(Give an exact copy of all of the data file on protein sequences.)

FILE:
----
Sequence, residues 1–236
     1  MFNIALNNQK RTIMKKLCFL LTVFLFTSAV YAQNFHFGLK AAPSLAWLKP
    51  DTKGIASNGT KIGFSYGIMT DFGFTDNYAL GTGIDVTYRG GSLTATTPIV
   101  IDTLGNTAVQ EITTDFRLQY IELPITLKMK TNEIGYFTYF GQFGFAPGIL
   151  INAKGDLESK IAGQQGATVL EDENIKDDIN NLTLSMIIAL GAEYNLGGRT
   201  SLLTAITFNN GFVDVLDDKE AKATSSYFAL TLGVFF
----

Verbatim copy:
Sequence, residues 1–236
     1  MFNIALNNQK RTIMKKLCFL LTVFLFTSAV YAQNFHFGLK AAPSLAWLKP
    51  DTKGIASNGT KIGFSYGIMT DFGFTDNYAL GTGIDVTYRG GSLTATTPIV
   101  IDTLGNTAVQ EITTDFRLQY IELPITLKMK TNEIGYFTYF GQFGFAPGIL
   151  INAKGDLESK IAGQQGATVL EDENIKDDIN NLTLSMIIAL GAEYNLGGRT
   201  SLLTAITFNN GFVDVLDDKE AKATSSYFAL TLGVFF